it is discrimination based of the fundamental inequality of the two types of relationships and therefore not improper.

    You mean, “and therefore I, MJ, feel that it is not improper.”

  96. “I will say this about the gay-marriage debate…it certainly shows how irrational and intolerant of dissent social liberal libertarians are.”

    So wait.. fighting for INDIVIDUAL RIGHTS and FREEDOM is being IRRATIONAL and INTOLERANT? For God’s sake, WTF are you doing on a LIBERTARIAN BLOG??

  97. “In other words, if society does not grant approval of homosexual relationships by giving them the moral sanction connotated by the word “marriage”…”

    No one here is asking for “society” to grant approval; the debate is about government granting equal recognition. It has nothing to do with moral sanction, and everything to do with equal treatment under the law. This is another claim repeated over and over even though it clearly isn’t true. At some point confusion about the debate becomes willful ignorance and intellectual dishonesty.

  98. Jennifer, I am saying that’s the reason why society cares enough about the long term stability of heterosexual relationships to have developed the institution of marriage in the first place. If sex had nothing to do with reproduction, why should society care enough about human relationships based on sex enough to create a legal institution for them?

    If marriage is all about “…two people wishing to make their lives together.”, why should marriage exist at all as a legal relationship? There is no argument for homosexual marriage that does not undermine the argument for why marriage should exist in first place.

    “… we wouldn’t give marriage licenses to women past menopause, and we’d rescind the licenses of those couples who have been married for a certain amount of time without producing progeny.”

    Because such would be difficult to police, and circumstances could change. The short answer is: it’s less of a headache not to.

    “You mean, “and therefore I, MJ, feel that it is not improper.”

    That’s cute, I suppose, but meaningless. Your position can easily be characterized as how just you feel as well.

  99. Burr,

    Thank you for your comment. It shows precisely the attitude I was criticizing in that post.

  100. If marriage is all about “…two people wishing to make their lives together.”, why should marriage exist at all as a legal relationship? There is no argument for homosexual marriage that does not undermine the argument for why marriage should exist in first place.

    Likewise, I’ve seen no argument from you that doesn’t boil down to either “that’s just how things are” or “that’s just how things should be.” Come on–you claim that marriage is all about children, yet we don’t refuse marriage license to sixty-year-old women because “it would be too much of a headache?” Your argument keeps shifting.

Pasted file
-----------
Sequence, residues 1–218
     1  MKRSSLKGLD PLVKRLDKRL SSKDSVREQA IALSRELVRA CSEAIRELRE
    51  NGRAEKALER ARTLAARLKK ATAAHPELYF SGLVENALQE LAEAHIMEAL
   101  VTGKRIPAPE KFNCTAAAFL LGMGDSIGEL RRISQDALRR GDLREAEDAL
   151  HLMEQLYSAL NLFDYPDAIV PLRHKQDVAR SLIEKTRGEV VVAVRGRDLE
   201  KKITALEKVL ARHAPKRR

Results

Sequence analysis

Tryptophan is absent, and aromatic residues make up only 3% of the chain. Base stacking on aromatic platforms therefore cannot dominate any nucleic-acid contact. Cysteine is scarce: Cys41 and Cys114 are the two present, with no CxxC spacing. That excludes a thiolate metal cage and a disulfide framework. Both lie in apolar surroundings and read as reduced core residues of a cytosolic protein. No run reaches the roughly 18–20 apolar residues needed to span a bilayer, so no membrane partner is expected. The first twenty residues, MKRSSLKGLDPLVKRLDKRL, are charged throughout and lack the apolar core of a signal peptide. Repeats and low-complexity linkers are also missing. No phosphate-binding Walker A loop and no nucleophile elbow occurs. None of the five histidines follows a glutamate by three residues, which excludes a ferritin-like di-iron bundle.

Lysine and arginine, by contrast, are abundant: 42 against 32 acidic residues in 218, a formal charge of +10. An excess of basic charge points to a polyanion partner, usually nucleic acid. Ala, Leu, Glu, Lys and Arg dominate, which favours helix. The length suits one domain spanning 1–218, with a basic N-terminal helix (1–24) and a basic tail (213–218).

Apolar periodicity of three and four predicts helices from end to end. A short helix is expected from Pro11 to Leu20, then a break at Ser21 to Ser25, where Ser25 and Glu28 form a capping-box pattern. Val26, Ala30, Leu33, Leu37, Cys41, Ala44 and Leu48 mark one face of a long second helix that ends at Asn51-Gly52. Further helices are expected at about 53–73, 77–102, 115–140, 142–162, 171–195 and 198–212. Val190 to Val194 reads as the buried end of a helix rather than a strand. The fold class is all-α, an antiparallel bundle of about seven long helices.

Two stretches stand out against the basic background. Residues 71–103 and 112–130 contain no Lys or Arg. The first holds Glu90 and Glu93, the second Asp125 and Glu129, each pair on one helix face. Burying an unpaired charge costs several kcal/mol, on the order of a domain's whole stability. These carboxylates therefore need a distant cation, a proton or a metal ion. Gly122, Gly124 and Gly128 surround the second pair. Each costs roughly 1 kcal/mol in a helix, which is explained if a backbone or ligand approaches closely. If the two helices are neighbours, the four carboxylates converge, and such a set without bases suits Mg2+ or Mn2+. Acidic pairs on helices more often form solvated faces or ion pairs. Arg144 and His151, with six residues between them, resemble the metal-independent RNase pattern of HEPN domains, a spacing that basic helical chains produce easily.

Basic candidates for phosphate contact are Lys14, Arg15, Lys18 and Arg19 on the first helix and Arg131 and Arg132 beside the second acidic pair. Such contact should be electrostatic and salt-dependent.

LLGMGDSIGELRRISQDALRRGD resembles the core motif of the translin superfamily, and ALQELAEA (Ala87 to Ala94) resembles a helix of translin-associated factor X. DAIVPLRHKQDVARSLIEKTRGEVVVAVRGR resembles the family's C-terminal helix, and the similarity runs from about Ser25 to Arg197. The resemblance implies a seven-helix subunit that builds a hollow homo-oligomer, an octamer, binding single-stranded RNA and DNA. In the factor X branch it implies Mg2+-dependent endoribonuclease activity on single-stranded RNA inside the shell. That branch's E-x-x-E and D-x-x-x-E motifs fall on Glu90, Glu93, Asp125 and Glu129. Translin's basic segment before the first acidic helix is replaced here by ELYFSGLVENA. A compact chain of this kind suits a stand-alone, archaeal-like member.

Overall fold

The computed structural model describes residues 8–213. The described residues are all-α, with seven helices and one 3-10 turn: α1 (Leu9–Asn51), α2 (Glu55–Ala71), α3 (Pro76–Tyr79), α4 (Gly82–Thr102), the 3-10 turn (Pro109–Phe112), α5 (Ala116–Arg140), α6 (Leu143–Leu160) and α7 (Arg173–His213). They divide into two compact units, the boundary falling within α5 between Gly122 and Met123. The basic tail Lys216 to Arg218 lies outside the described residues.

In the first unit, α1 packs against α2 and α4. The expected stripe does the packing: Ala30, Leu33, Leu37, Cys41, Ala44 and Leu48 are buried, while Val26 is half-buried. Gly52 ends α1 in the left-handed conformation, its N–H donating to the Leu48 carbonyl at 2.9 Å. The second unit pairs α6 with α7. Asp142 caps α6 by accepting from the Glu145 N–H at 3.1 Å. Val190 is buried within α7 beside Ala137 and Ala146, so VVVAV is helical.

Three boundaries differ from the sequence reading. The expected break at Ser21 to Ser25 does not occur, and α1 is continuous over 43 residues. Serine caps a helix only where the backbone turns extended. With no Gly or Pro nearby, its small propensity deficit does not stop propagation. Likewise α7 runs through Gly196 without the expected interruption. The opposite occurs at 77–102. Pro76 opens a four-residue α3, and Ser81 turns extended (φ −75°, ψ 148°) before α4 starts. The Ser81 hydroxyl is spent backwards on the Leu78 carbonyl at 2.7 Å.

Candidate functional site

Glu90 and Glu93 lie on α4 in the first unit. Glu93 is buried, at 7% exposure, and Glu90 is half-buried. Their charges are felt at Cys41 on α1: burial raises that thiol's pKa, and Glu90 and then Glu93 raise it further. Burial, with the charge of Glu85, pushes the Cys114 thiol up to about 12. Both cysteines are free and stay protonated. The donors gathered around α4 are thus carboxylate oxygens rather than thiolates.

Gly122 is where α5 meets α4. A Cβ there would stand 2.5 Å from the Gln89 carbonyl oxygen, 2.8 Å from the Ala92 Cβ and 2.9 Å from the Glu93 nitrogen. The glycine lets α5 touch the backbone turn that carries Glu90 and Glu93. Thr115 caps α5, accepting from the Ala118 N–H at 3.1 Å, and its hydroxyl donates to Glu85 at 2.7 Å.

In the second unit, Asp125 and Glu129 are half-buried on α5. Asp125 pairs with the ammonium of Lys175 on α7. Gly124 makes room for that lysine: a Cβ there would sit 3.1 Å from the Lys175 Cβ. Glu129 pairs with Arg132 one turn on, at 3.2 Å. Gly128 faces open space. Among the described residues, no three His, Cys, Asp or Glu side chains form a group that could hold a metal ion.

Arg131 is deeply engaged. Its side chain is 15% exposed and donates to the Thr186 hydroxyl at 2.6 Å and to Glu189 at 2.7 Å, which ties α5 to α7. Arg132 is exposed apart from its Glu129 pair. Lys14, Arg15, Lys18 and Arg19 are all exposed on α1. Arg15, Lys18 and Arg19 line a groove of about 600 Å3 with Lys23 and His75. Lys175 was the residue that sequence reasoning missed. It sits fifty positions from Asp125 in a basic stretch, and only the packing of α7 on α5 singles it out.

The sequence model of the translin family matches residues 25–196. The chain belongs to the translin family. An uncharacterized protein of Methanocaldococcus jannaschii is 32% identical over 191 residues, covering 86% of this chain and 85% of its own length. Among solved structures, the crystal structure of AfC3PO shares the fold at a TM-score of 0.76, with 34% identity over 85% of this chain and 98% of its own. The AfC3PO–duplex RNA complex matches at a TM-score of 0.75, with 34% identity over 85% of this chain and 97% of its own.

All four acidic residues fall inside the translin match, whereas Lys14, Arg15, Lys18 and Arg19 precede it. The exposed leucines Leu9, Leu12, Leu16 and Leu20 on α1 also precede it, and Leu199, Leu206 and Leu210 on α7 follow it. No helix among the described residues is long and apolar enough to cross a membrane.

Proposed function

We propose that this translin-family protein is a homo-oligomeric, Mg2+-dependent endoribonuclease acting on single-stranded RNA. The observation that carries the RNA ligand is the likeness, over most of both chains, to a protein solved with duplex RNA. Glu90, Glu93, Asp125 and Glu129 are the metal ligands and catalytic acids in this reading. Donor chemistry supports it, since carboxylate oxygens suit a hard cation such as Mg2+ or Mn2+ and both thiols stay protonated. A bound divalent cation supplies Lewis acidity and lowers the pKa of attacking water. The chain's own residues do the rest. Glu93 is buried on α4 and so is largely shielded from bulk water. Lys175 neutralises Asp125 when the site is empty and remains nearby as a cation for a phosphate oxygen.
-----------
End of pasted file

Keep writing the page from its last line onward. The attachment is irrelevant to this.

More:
101. Jennifer, it is an argument from practicality, not a change in the general principle.

    I’ve also noticed you completely avoided the question about whether you agreed with joe’s quote, or why society should care whether homosexuals have permament exclusive relationships.

  102. MJ, as to why society should care, how about “people in permanent exclusive relationships, regardless of orientation, result in lower STD transmission rates”?

    or, even better, society does not equal government. let individuals discriminate, but not the government.

  103. Jennifer, it is an argument from practicality, not a change in the general principle.

  104. Jennifer, it is an argument from practicality, not a change in the general principle.

    No, it isn’t; if practicality were the main issue we wouldn’t give marriage licenses to dried-up old women who haven’t a chance in hell of procreating. Granted, it would be a huge headache (and a major violation of privacy) to subject women to fertility tests before granting marriage licenses, but if we simpy refused to grant a marriage license to any woman above the age of 55 that would work perfectly well. (Granted, a 55 cutoff age would still allow some women to marry despite their inability to procreate, but no system is perfect.)

    I’ve also noticed you completely avoided the question about whether you agreed with joe’s quote, or why society should care whether homosexuals have permament exclusive relationships.

    Interesting how you use “society shouldn’t care about homosexual relationships” to justify discriminating against them, whereas I’d use “society shouldn’t care about homosexual relationships” as a reason why they should NOT be discriminated.

    But Biologist has already given one societal reason” lower rates of STDs. But I’d rather ignore altogether such a line of discussion, as it is very dangerous indeed to suggest that the only people who desrve the full rights and privileges of citizenship are those for whom “society” would benefit by doing so.

    EDIT: I just discovered, quite by accident, that if you replace a bracket with a question mark, while doing HTML code, everything after said question mark disappears. Huh.

  105. MJ,

    Thank you for [i]your[/i] comment as it proves how ridiculously twisted your own mindset on libertarianism is.. Apparently it’s about making the majority feel good and only granting rights and freedoms to others when they’re “ready.”

    I’ve seen far more irrational and intolerant individuals support drug legalization (which I also support), than I have for gay marriage. How is citing concrete legal example after example of how important it is to recognize marriage properly instead of creating a Demorepublicratic “feel good” compromise in any way irrational or intolerant? It is simply the most principled position out there.